This is related to what Romans chapter one tells about those who did not honour God or give thanks to Him. Claiming to be wise, they became fools. It says God gave them up in the lust of their hearts to impurity, to the dishonouring of their bodies among themselves. God gave them up to dishonourable passions and to a debased mind.

They rebelled against God, seeking to be free of Him, so God gave them up to the slavery of sin which they pursued. Giving them over to sin is their punishment in this life. Sin degrades and brings shame and disgrace and leads to its inevitable goal, eternal death in hell, their eternal punishment.

Scoffers are going to scoff. Corrupt leaders will do corrupt things. This is no reason for us to lose hope. In fact, this should increase our hope because God told us that these things would happen. They should be no surprise to us.

Christ will return and the world and everything in it will be destroyed by fire, as it was destroyed by water during the Flood. God is not slow to fulfil His promise, but He is being patient so that people are given time to repent.

When Christ returns, it will be too late to repent. Every day that goes by without Christ returning is another day of mercy and grace given to mankind to repent before the world is destroyed. God does not want anyone to perish eternally, but that they would come in through the open door of heaven.

Christ is after all the one who opens and no one will shut, who shuts and no one opens. To His Church, Christ says, “I have set before you an open door, which no one is able to shut.”

The door of heaven is open for you, and no one can shut it. The nations can rage, and the people plot in vain, the kings of the earth can set themselves and the rulers take counsel together against the Lord and against His anointed, but He laughs at them (Ps. 2). They cannot close heaven for God’s people. They cannot close what Christ has opened.

Violence and murder, corruption and dishonesty will not stop in this world until Christ returns and burns it all up. Wicked rulers will continue implementing policies that are anti-Christian and harmful for our nation. Godless courts will continue perverting the course of justice and giving criminals all the rights instead of their victims.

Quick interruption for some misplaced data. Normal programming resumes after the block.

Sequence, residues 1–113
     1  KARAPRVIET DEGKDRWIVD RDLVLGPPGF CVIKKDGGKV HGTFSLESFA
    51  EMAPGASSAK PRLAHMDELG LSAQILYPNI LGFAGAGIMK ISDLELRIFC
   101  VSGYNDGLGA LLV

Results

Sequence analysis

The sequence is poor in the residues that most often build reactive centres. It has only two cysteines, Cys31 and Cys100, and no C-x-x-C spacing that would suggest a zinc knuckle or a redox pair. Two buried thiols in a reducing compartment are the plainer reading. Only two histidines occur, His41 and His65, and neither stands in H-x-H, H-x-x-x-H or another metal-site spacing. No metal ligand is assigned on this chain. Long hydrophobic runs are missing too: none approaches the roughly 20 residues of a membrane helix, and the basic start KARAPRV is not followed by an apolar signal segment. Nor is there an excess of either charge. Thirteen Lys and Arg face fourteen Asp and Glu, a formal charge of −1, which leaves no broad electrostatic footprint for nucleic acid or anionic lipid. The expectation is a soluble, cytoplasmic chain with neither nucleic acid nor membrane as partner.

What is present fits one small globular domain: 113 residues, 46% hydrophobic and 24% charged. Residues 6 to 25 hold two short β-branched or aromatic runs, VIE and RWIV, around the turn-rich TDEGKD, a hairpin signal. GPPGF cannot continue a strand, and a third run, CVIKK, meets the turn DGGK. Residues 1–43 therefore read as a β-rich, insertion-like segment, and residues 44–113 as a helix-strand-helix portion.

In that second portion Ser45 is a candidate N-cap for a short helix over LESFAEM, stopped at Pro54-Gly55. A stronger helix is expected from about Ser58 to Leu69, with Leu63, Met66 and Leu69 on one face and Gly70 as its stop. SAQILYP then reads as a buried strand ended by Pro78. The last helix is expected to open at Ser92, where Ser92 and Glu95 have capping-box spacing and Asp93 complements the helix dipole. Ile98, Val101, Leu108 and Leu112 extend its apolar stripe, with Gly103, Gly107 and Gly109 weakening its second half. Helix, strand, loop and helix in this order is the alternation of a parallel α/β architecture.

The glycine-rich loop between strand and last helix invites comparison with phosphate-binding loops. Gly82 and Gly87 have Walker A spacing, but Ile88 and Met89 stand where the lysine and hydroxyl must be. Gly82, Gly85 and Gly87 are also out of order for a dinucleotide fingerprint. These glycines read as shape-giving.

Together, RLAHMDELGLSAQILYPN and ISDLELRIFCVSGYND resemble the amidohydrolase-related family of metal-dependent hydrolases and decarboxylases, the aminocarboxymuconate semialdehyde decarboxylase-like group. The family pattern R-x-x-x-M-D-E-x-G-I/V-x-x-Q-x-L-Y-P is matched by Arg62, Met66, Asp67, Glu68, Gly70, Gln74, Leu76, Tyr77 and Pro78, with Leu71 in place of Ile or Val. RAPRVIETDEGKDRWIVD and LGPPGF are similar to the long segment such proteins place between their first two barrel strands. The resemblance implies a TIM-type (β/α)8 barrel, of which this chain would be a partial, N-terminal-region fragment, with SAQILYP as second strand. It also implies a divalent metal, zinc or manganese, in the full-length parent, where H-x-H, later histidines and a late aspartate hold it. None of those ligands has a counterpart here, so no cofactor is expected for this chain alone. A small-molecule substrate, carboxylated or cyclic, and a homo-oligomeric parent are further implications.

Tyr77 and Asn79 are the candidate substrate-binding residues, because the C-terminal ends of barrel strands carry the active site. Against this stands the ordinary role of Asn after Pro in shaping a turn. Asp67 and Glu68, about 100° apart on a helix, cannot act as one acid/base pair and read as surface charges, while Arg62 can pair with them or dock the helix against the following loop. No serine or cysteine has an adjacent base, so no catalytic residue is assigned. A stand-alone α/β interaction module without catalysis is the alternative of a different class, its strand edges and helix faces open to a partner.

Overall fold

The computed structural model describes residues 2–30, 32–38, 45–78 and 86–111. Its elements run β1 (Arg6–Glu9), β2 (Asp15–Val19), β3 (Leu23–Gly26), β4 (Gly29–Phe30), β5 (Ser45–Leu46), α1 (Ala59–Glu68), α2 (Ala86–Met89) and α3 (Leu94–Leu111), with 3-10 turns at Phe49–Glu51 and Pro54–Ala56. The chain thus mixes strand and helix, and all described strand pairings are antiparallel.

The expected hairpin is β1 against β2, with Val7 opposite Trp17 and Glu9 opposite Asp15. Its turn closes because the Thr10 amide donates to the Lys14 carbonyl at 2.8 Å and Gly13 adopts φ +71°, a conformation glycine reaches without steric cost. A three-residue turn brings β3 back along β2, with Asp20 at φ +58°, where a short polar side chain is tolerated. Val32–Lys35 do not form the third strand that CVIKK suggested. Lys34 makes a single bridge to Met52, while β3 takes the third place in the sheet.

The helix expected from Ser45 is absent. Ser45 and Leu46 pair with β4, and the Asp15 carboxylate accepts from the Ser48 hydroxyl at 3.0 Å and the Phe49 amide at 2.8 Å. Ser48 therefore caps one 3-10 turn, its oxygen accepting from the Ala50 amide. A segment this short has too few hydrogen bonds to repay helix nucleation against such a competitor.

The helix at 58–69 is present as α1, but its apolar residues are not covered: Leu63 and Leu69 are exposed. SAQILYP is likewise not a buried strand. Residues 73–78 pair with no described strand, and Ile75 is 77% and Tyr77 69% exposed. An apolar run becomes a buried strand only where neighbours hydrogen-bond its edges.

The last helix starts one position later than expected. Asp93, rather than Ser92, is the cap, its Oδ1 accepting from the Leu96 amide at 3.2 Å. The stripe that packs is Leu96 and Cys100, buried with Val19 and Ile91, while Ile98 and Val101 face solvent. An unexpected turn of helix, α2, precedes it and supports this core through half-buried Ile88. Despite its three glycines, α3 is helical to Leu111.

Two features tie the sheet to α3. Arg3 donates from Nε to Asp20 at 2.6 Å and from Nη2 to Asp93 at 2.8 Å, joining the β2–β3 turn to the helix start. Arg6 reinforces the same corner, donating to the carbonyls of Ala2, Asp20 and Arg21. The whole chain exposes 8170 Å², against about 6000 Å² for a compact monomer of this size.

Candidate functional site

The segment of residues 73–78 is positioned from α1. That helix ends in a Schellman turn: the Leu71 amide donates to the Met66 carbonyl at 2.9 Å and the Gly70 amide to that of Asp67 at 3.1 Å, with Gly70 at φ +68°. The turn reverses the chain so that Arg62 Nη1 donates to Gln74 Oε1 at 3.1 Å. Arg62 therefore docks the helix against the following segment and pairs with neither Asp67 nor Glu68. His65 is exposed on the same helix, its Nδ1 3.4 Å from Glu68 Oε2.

However, we will patiently endure. We will wait for God and hold fast to His promises. We will bear up under suffering, trusting that all things are in God’s hands and that He knows what He’s doing.

We will patiently endure because our sins are forgiven and the door of heaven is open to us. We can patiently endure because our hope is not in earthly government or judges or lawmakers or anything on the earth. We will patiently endure because our hope is in heaven, and no one can shut the door that Jesus has opened for us.

Jesus promises that the door of heaven is open for us. We trust Him because He gave His life for us. He died to save us from our sins and has a place prepared in heaven for us. He has done everything for us, and has the door of heaven wide open, waiting to receive us when we die or when He returns, whichever happens first.

Christ Jesus is the one who opens and no one will shut, who shuts and no one opens. To you, Christ says, “I have set before you an open door, which no one is able to shut.” Amen.

The peace of God which surpasses all understanding will keep your hearts and minds in Christ Jesus our Lord. Amen.

All Saints

Sermon for All Saints’ Day based on Revelation 7:9-17

Dear saints: grace, mercy, and peace to you from God the Father and our Lord and Saviour Jesus Christ. Amen.

Our loved ones who have died in Christ are not lost to us. We know exactly where they are. Their graves are marked so we know where their bodies lie. The Church has always made an issue of showing care for the bodies of the dead and marking their graves. We don’t just dump the bodies of our loved ones into a landfill or cremate them and scatter their ashes indiscriminately here and there.

We lay the bodies of our loved ones to rest in cemeteries and mark their graves. We can visit their graves and we know that the bodies of our loved ones remain where they were laid to rest. Their names appear on the headstones. The headstone confesses that this is not the end of the body. God isn’t done with this body yet. God will raise this body up on the Day of Resurrection.

We confess the Day of Resurrection even in calling these places cemeteries. The word cemetery comes from a Greek word which means dormitory. We confess that everyone who dies in Christ will rise again when Christ raises them as easily as if they were in peaceful sleep.

However, we don’t just know where the bodies of believers lie, we also know where their souls are. Their souls are with Jesus in heaven. To the repentant thief who died on the cross beside Jesus, Jesus promised, “Today you will be with me in Paradise.” Today; right at the moment of death believers go to be with Jesus, while they await the Day of Resurrection and the soul being reunited with the body. So once again, our loved ones who have passed away in Christ are not lost to us. Their souls are with Jesus and we will see them again.